Thursday, February 3, 2011

The Hunt Begins for Next Year's Curriculum

Every year in February I start looking around for what curriculum I would like to use next year. I have admitted in the past to being a curriculum junkie and I love looking for new curriculum. Why February? Our house is usually relatively calm in February with not a whole lot of outside activities. Also, by February I know if I like what we are using well enough to continue with the same thing or start looking for something completely different. I like catalog shopping better than Internet shopping although I prefer to actually order online. Many companies will send you their catalogs for free, but it could take several weeks to get there. By requesting catalogs early, I know I will have plenty of time to get them and to look thoroughly through them (I have to confess, I LOVE looking through homeschool catalogs!) I also have plenty of time to read reviews on curriculum or to ask questions from people I know who are using something.

I don't think I am going to make it to a Homeschool Convention this year, so I am going to have to rely on catalogs and reviews to make my curriculum decisions. Arkansas has 2 Conventions every year. One in Searcy (May 20, 21st 2010) and one in Siloam Springs (August 4,5 2010.) With gas being as expensive as it is, any money I might save by going to Searcy I would more than spend on gas. The Siloam Springs convention usually is held in Springdale, and I go and visit my parents the same week-end. Even though Siloam Springs is right down the road from Springdale, that convention is so late this year. I usually like to have all of my books in hand by the end of July so I can familiarize myself with them and get ready to start up again in August. I would rather not wait that long and then still have to wait for it to arrive and get it ready to be used at the last minute.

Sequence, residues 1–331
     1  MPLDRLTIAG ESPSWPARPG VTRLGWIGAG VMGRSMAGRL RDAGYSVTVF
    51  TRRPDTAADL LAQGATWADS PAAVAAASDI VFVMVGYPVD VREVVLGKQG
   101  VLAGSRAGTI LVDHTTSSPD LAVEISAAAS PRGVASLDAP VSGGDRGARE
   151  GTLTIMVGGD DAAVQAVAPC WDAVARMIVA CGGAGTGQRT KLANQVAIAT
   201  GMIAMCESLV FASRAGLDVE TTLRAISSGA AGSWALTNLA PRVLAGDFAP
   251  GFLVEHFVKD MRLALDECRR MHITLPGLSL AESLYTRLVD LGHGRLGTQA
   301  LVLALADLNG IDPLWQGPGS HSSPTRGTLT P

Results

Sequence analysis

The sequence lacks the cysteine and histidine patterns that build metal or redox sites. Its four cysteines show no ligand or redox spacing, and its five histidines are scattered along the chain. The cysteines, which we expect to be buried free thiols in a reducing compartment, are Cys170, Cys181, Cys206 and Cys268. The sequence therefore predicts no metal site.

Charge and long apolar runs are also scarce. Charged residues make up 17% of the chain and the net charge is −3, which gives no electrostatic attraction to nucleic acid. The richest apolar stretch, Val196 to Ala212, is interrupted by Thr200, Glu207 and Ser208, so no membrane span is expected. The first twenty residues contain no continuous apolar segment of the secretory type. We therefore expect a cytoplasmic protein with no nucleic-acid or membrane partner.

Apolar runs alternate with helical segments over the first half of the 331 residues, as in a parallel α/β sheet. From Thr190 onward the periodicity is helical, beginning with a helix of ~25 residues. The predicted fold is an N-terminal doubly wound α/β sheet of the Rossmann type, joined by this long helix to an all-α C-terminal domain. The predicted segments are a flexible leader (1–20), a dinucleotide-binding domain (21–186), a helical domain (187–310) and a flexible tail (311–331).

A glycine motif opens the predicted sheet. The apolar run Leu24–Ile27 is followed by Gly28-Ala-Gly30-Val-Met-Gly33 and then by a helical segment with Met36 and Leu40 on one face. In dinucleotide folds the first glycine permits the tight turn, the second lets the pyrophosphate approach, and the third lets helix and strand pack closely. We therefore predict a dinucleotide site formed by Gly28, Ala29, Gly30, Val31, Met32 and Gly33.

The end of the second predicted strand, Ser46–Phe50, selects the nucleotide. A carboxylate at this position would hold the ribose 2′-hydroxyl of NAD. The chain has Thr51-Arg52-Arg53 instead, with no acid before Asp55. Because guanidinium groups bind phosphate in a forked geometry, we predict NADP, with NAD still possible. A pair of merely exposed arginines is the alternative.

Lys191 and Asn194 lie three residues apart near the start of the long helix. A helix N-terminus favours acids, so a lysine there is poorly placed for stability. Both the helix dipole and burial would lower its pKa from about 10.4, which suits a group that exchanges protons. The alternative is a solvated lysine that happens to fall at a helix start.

As I am deciding what I would like to buy, I also have to decide what I am going to sell. If we have curriculum that isn't working out very well, or that I know won't work for the younger children I will resell it or even sometimes give it away. There is not a whole lot of homeschoolers in this area, so I mostly rely on selling on Ebay (although I admit Ebay and I have a love/hate relationship.) By reselling things I know we won't use again, I get to have a little more money towards what I would like to buy and hopefully will also get to bless someone else with the books they are looking for.

So, I am building a "Curriculum Wish List." I am writing down ideas for what I want to do and looking for curriculum to match. As I go through and get my catalogs and read reviews/recommendations I will probably change my mind a few times (and the list will grow!) Also last year I did a complete turn around when I had curriculum given to me (who can say no to free?) Budget will play a big part in what I decide to buy, so I am starting to plan ahead for that also. In addition I am making a "Homeschool Wish List" for things I really would like to buy for my homeschool when budget and space allow. Here's what's on the lists so far:

Spelling- All About Spelling